01 October 2016

Another Cyclist killed on Ramon Road

I note with dismay that another cyclist on Ramon Road has died after being hit by a motorist. The Desert Sun reports, "At 4:48 a.m., officers responded to East Ramon Road west of Paseo Dorotea, where a semi truck traveling eastbound had hit a bicyclist. Upon further investigation, authorities found that the bicyclist, traveling northbound, had attempted to cross the eastbound lanes of Ramon Road when the truck crashed into the cyclist[, who] died at the scene."

Our Coachella Valley cities and transportation planners have to answer us: why is it that only six east-west corridors are available to all traffic, especially endangering pursuers of active transportation (cycling, running, walking, and low-speed electric vehicles)? —Subliminally at least, all vehicle operators recognize those few east-west corridors:
  • West Coachella Valley
    In the west valley are, from south to north, East Palm Canyon-Highway 111, Mesquite-Dinah Shore, Ramon, and Vista Chino below Interstate 10; Varner and Dillon north of the interstate.

    NONE of these corridors have markings that suggest a "safer" riding position for bikes and other active use. ALL of these corridors allow relatively high speeds, and motorists typically surpass the speed limits without Police enforcement.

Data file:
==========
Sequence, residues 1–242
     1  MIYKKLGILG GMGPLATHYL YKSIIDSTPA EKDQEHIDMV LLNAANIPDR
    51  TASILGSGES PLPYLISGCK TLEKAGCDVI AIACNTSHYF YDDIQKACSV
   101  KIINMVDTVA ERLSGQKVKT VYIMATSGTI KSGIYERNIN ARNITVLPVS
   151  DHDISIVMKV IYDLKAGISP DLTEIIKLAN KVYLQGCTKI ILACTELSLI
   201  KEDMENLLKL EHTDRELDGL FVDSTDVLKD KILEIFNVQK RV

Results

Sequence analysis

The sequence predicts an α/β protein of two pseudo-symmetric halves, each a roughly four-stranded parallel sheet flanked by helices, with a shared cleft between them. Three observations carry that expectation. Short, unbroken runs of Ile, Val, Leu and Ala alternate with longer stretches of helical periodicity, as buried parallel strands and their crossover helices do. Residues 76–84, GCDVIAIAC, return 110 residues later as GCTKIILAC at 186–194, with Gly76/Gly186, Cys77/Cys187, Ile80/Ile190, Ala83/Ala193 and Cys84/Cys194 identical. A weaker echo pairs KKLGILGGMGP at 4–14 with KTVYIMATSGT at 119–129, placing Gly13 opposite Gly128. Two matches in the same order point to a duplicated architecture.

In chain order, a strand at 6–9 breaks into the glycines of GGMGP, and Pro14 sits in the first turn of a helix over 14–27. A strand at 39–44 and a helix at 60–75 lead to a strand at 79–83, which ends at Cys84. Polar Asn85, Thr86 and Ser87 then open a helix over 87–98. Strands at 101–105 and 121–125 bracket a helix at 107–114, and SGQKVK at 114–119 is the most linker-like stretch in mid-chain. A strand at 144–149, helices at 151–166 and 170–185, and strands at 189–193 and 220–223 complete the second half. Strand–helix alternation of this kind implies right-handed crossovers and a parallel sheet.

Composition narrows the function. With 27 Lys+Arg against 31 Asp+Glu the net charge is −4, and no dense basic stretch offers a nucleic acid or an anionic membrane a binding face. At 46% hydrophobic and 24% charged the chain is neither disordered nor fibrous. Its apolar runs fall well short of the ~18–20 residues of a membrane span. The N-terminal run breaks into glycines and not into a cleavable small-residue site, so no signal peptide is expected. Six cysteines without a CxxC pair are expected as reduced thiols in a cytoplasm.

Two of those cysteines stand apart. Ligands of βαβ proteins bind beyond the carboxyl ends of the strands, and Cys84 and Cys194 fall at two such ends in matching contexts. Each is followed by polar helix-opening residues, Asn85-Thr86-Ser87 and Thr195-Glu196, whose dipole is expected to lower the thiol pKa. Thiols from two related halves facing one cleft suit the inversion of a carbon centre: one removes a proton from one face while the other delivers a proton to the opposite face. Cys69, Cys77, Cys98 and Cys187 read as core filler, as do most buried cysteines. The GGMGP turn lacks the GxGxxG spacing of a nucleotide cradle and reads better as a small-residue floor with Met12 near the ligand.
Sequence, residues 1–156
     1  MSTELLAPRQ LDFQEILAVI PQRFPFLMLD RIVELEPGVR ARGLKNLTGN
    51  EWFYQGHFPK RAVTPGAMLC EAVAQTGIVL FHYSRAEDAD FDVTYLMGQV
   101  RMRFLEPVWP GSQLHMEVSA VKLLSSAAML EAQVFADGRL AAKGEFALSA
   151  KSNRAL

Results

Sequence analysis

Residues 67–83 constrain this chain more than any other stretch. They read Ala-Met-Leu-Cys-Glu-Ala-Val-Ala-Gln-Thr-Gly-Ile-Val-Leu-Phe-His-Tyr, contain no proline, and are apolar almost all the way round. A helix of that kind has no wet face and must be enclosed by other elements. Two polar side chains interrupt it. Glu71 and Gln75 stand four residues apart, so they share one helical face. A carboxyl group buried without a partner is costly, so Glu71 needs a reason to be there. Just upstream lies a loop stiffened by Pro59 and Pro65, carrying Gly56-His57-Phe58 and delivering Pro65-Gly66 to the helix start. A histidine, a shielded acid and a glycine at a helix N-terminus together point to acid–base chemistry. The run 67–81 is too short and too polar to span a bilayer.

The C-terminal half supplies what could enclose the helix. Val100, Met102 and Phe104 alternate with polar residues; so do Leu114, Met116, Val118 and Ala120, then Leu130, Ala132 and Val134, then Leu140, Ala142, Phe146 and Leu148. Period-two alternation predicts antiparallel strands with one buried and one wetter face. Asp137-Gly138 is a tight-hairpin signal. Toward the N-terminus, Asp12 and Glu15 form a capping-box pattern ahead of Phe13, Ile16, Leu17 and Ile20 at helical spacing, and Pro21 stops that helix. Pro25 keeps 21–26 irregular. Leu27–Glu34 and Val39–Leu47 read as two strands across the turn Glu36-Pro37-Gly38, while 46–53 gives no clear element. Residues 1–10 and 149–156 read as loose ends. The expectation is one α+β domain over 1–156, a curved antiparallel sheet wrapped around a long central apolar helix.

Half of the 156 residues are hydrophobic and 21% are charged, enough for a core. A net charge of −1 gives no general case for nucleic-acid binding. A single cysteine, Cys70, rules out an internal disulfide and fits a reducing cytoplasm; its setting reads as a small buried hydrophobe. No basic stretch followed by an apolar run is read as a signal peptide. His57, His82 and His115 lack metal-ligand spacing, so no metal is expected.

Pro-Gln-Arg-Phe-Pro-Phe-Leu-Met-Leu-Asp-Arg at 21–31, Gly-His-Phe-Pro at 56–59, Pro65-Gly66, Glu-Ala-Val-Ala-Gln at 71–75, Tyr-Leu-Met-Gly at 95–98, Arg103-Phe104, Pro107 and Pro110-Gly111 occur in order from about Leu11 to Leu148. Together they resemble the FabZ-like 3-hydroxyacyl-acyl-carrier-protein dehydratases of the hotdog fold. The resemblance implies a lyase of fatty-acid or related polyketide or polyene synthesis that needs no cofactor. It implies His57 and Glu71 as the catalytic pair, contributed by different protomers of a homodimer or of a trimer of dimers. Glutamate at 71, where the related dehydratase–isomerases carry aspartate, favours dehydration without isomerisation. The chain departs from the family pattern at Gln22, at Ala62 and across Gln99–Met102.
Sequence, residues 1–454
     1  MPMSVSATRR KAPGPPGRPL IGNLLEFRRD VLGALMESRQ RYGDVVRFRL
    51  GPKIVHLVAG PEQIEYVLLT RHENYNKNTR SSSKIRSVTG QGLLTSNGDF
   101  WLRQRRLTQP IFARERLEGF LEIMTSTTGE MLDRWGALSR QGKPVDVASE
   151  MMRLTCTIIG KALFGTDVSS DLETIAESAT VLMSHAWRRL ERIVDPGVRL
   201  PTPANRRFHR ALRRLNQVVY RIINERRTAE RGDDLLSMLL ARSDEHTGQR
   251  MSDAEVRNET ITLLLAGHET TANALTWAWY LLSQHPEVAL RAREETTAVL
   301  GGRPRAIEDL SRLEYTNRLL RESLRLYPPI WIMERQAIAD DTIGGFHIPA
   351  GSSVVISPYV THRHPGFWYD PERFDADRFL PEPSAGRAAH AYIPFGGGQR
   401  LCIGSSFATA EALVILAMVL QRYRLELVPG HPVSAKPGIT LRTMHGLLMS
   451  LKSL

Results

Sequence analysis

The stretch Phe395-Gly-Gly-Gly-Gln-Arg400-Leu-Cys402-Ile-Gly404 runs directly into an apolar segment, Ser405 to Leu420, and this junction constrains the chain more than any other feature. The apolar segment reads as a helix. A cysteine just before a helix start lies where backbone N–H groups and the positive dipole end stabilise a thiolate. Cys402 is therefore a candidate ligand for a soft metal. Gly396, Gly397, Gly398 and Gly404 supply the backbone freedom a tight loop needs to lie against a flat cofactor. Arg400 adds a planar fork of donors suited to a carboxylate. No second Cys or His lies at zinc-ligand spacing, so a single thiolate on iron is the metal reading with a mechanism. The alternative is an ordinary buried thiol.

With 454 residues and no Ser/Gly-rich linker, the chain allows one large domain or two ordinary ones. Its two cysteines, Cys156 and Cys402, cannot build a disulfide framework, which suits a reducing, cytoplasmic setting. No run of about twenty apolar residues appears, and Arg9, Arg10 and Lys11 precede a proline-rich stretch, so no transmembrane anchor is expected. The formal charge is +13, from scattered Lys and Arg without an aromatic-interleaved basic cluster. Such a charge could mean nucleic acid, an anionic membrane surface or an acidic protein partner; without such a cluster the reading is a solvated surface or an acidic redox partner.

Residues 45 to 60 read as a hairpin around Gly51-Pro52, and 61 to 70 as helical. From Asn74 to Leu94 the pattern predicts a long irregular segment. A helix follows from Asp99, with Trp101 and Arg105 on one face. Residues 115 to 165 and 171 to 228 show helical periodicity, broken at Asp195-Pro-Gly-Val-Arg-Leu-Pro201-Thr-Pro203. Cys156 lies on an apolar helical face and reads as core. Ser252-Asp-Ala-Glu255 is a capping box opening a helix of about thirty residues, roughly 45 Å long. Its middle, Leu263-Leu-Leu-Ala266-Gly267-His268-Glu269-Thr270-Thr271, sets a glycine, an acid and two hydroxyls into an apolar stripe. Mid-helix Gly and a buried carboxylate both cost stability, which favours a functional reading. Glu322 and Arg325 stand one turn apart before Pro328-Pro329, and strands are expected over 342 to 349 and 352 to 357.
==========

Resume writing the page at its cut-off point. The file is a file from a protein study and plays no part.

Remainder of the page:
• Central Coachella Valley
    In the central valley are more east-west corridors—and heavier, more speed-obsessed traffic: Highway 111, Fred Waring, Country Club, three streets that merge in the east (Frank Sinatra, Gerald Ford, and Dinah Shore), and Ramon below Interstate 10; both Varner and Dillon serve east-west traffic north of the interstate.

    Many of these corridors are marked with bike lanes, some with NEV markings too. ALL of these corridors allow relatively high speeds, and motorists typically surpass the speed limits with little Police enforcement.

  • East Coachella Valley
    In the east valley are the fewest east-west corridors: Airport Boulevard, Avenue 52, Avenue 50, Avenue 48-Dillon, and Highway 111 (if one dares alternate conveyance on a Business Interstate 10)

    I use these corridors little enough to make generalizations, and I welcome comments from my readers about bike lane markings and speed enforcement.

For 15 years (or more), studies of separated corridors for east-west active transport have been made and been ignored. As CV Link nears its first construction in Cathedral City, we still have years to await completion of any significant, contiguous alternate to the motorist-focused corridors. That completion will benefit us all: cyclists, pedestrians, and low-speed electric vehicles will have a safer, dedicated path; motorists will be relieved of the frustration of caring for the low-speed and more vulnerable members of the traffic pattern.

For more reasons behind my support of CV Link, read http://bike-commute.blogspot.c...

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